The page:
On 10 March, ITV released a statement: “Following discussions with ITV, Piers Morgan has decided now is the time to leave Good Morning Britain. ITV has accepted this decision and has nothing further to add.” The announcement came after broadcast regulator Ofcom launched an investigation into comments made by Morgan about the Duchess of Sussex discussing her mental health and suicidal thoughts in her interview with Oprah Winfrey.

Ofcom received around 41,000 complaints. Morgan insisted his exit was an “amicable” and that he and ITV had “agreed to disagree”. The Press Gazette and the Guardian had a piece.  Inforrm had a piece by Paul Wragg, Saint Piers, Free Speech Martyr.

The Press Gazette reports that, despite the “Cliff Richard” case, the majority of the UK press has has identified the police officer arrested on suspicion of murdering London woman Sarah Everard.  It is noted that broadcasters have not named the suspect.  There was a piece on The Conversation, “Sarah Everard: social media and the very real danger of contempt of court“.

The Daily Mail reports that the loser of the Vardy v Rooney libel action could face a legal bill of £1.6 million if the case goes to trial.  This is based on the parties’ draft costs budges for the CCMC although these are highly likely to be reduced by the Master in the usual way.

In Ranger v Pycraft Mrs Justice Collins Rice declined an application for an injunction against Charles Pycraft after he breached an undertaking about his behaviour. But she stressed that if Pycraft gave any further cause for concern, any judge considering this option in the future would have an ‘additional perspective’.  The Law Society Gazette had a piece.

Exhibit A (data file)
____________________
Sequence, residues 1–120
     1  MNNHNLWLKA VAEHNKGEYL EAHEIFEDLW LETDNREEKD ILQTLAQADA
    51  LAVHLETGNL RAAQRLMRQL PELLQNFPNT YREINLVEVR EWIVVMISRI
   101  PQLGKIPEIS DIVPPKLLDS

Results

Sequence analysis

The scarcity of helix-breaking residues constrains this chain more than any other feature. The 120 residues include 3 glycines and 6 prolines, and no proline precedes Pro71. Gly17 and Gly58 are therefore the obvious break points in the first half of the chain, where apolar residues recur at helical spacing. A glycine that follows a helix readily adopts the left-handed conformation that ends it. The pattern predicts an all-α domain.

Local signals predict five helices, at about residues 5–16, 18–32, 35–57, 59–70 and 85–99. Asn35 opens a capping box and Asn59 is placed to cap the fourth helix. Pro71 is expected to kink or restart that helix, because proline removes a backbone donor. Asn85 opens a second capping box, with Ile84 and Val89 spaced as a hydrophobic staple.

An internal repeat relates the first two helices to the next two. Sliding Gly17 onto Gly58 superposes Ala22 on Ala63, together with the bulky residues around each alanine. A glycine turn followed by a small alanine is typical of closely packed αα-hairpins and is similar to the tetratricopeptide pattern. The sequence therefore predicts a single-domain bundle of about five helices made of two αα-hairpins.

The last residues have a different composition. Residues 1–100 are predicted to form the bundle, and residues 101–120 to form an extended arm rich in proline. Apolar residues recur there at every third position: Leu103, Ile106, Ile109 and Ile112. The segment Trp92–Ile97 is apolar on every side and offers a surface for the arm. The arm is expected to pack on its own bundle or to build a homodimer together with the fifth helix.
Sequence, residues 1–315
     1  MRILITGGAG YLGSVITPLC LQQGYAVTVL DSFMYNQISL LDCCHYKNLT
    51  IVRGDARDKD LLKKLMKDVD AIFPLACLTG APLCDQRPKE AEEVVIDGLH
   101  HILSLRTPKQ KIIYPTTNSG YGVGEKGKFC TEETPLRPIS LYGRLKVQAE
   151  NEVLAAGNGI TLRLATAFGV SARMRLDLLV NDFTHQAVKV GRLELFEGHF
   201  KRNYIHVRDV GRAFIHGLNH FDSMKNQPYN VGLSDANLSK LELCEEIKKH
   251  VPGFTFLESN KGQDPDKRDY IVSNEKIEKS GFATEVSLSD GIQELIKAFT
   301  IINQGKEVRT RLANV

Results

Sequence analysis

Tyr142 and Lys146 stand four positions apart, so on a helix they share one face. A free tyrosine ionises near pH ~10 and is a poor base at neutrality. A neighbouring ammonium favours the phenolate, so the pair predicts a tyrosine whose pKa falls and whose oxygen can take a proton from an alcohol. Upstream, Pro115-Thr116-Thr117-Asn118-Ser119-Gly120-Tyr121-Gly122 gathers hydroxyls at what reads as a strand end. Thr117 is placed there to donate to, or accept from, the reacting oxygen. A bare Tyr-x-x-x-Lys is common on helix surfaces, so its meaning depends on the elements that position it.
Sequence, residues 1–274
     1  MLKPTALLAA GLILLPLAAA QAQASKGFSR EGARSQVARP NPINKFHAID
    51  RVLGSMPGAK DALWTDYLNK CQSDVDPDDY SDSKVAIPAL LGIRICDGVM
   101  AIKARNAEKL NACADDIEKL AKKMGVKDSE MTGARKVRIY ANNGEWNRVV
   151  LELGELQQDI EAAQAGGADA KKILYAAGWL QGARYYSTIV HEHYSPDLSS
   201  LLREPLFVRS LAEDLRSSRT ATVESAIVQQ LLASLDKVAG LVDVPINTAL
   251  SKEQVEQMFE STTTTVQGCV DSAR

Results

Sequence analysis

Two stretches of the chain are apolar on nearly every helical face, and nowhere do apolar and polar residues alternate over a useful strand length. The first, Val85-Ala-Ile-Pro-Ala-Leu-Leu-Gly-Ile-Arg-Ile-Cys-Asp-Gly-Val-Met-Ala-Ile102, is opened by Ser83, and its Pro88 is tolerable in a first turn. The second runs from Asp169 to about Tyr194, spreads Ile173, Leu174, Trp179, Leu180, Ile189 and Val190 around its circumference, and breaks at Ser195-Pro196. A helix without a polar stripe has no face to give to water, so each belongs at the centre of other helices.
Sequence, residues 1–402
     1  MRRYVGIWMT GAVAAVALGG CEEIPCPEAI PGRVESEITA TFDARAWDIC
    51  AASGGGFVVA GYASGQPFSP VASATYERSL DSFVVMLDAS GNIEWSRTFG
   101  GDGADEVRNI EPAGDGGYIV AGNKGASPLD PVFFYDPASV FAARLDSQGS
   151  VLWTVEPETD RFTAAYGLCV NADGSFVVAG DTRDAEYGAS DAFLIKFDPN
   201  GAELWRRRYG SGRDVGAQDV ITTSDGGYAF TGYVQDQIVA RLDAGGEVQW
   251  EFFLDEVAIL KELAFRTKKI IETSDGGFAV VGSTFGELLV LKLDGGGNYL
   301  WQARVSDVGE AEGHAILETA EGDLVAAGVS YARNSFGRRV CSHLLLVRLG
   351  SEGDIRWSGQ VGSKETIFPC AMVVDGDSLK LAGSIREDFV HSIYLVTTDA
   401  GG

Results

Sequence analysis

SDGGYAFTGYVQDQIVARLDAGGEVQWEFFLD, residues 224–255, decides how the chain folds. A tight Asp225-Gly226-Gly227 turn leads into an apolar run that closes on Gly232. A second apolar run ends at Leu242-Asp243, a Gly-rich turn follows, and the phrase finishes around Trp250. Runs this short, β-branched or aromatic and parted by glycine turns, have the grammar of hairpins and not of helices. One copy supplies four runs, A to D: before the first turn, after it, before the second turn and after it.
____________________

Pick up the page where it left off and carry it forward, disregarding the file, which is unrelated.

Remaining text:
The Press Gazette had a piece “Ofcom says no further action required over Emily Maitlis Cummings monologue”.

As usual, updates on the Coronavirus guidance can be found on the Courts and Tribunal Judiciary.

Internet and Social Media

The Guardian had a piece “Netflix weighs up crackdown on password sharing”.

The Financial Time published an article “Google slams Microsoft for backing pay-for-news bill”.

Data Privacy and Data Protection

The ICO’s blog had a post “Supporting UK democracy through data protection with new political campaigning guidance”.

The Irish Data Protection Commission (“IDPC”) recently published a number of the decisions it issued in 2020. There was a piece on Lexology.


The Government’s website reported that the Home Secretary has appointed Fraser Sampson as the government’s new independent Biometrics and Surveillance Camera Commissioner.

Newspapers Journalism and Regulation